The 1970s and 80s welcomed fashionable suits and bikinis with less internal structuring, fitting the silhouette of the decade. Fashionable first and practical second, they could still withstand a certain amount of sun, sand and chlorine.

A protest symbol

Swimming, fashion, and baring all are not mutually exclusive.

“Rashies” or “rash guards” (so-called because they protect the wearer from rashes and sunburn), are long-sleeved waterproof shirts that first originated as surfwear. In countries like Australia with prominent beach culture and harsh weather the garment has grown in popularity.

In 2004, Australian designer Aheda Zanetti, inspired by the increasing presence of Muslim women in Australian sports (especially swimming), created the “burkini”. Acting as a kind of lightweight wetsuit, the garment covers the entire body and comes in a variety of styles and colours.

a short history of female swimwear The burkini in action. Aheda Zanettii

The style came under intense scrutiny in 2016 when several French municipalities banned the burkini in line with the country’s secular laws (it had banned the wearing of a burqa and niqab three years earlier).

It doesn’t seem to matter whether women’s swimsuits bare-all or cover-all: those wearing them will still be judged. But much as the shift from bulky dresses to lean one-pieces opened up new opportunities for women in the water, this latest suit also makes the beach lifestyle more accessible, with wearers remaining both cool and UV-protected.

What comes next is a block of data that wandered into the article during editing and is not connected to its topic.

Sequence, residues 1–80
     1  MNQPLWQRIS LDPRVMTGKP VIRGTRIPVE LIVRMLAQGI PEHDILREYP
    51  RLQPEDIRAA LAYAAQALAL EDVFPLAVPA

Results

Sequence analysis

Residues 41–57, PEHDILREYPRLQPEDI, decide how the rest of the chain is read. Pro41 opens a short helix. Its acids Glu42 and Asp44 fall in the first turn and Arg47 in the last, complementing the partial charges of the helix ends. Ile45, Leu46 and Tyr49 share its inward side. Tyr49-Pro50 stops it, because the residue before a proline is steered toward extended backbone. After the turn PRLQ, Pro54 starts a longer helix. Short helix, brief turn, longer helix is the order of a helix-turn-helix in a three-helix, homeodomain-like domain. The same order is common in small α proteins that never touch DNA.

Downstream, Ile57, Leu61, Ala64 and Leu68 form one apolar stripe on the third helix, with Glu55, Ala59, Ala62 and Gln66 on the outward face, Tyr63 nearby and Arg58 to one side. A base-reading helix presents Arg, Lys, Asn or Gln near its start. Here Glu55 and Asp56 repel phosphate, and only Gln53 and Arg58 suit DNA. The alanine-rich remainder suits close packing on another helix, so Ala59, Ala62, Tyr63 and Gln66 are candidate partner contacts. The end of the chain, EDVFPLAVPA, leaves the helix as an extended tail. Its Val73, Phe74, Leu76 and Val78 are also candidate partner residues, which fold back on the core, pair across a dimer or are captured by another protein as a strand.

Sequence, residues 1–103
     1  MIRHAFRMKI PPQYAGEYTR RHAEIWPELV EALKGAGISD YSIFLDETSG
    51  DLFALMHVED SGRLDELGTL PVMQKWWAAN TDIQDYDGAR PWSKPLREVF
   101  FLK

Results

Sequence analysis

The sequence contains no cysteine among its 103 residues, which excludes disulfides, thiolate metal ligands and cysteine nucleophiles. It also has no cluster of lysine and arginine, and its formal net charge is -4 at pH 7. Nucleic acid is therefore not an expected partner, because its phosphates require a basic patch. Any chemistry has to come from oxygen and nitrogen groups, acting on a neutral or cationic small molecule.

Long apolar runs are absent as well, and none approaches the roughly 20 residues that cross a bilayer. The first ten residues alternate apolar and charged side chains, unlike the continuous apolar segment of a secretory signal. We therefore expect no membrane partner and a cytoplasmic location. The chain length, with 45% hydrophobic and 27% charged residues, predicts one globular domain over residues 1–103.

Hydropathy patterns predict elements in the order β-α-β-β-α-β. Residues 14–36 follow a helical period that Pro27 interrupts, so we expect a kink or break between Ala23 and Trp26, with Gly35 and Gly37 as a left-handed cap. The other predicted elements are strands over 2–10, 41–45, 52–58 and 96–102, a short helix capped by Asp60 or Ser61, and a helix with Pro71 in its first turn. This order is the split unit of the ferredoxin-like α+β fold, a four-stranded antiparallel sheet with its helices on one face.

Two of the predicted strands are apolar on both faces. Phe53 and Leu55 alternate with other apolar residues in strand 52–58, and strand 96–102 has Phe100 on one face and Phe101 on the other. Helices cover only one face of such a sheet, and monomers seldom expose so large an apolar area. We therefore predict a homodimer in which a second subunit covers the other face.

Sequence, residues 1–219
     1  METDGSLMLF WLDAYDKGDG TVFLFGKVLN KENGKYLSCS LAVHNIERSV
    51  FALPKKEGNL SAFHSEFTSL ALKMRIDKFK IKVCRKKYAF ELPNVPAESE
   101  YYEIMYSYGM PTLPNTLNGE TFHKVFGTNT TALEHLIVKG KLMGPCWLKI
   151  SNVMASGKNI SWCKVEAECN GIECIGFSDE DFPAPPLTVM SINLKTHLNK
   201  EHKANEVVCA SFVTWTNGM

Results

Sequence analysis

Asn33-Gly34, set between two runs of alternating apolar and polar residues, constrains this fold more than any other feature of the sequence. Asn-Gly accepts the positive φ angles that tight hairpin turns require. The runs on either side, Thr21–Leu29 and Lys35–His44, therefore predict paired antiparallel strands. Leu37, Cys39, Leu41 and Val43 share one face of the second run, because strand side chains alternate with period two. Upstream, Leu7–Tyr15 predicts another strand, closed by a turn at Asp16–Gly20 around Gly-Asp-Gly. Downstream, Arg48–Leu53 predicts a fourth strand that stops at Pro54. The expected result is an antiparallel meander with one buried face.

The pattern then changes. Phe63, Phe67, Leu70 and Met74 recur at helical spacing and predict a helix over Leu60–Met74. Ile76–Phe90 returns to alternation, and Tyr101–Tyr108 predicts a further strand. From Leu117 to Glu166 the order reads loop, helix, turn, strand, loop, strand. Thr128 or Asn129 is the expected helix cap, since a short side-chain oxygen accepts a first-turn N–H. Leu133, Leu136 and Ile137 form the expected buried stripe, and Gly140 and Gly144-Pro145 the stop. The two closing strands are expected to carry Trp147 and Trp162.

With our “house on fire”, as Thunberg eloquently put it, we may be seeing more swimsuit innovation heading our way as a matter of necessity.

Authors: Lydia Edwards, Fashion historian, Edith Cowan University

Read more http://theconversation.com/the-erotic-theatre-of-the-pool-edge-a-short-history-of-female-swimwear-127902

Writers Wanted

Schitt's Creek: the TV show has been showered with Emmys but is it worth the hype?

arrow_forward

COVID-19 and small island nations: what we can learn from New Zealand and Iceland

arrow_forward

'If JobSeeker was cut, the unemployed would be picking fruit'? Why that's not true

arrow_forward

The Conversation
INTERWEBS DIGITAL AGENCY

Politics

Did BLM Really Change the US Police Work?

The Black Lives Matter (BLM) movement has proven that the power of the state rests in the hands of the people it governs. Following the death of 46-year-old black American George Floyd in a case of ...

a Guest Writer - avatar a Guest Writer

Scott Morrison: the right man at the right time

Australia is not at war with another nation or ideology in August 2020 but the nation is in conflict. There are serious threats from China and there are many challenges flowing from the pandemic tha...

Greg Rogers - avatar Greg Rogers

Prime Minister National Cabinet Statement

The National Cabinet met today to discuss Australia’s COVID-19 response, the Victoria outbreak, easing restrictions, helping Australians prepare to go back to work in a COVID-safe environment an...

Scott Morrison - avatar Scott Morrison

Business News

Ten tips for landing a freelance transcription job

Transcription jobs are known to be popular in the field of freelancing. They offer fantastic job opportunities to a lot of people, but there are some scammers who wait to cheat the freelancers. ...

News Company - avatar News Company

How To Remove Rubbish More Effectively

It can be a big task to remove household rubbish. The hardest part is finding the best way to get rid of your junk. It can be very overwhelming to know exactly where to start with so many option...

News Company - avatar News Company

4 Tips To Pass Skills Certifications Tests

Developing the right set of skills is valuable not only to your career, but for life in general. You can get certified in these skills through obtaining a license. Without a certified license, y...

News Company - avatar News Company



News Company Media Core

Content & Technology Connecting Global Audiences

More Information - Less Opinion